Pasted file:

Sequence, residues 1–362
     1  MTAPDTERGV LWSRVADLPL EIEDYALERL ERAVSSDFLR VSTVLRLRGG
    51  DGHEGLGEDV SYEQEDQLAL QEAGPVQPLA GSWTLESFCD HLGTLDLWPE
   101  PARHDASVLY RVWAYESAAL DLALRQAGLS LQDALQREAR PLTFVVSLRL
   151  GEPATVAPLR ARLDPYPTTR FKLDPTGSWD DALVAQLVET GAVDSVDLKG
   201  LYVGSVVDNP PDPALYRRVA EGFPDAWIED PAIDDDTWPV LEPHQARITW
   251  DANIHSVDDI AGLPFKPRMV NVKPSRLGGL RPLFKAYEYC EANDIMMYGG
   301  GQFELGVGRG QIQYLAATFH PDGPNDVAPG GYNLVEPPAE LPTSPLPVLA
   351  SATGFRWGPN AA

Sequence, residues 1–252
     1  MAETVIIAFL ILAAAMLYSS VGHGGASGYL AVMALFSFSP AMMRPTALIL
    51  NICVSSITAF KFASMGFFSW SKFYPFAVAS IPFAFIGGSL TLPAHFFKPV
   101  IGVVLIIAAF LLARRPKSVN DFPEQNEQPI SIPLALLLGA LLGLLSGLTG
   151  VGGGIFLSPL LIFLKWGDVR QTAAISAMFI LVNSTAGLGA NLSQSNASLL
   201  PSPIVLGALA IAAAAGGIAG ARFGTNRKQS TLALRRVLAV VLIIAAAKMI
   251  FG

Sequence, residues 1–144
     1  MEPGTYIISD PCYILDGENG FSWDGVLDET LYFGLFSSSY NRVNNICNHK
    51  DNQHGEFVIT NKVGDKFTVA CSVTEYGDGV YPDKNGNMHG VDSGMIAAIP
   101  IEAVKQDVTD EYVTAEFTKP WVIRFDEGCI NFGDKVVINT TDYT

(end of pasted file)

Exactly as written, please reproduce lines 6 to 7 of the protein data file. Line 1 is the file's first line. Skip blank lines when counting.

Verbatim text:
   201  LYVGSVVDNP PDPALYRRVA EGFPDAWIED PAIDDDTWPV LEPHQARITW
   251  DANIHSVDDI AGLPFKPRMV NVKPSRLGGL RPLFKAYEYC EANDIMMYGG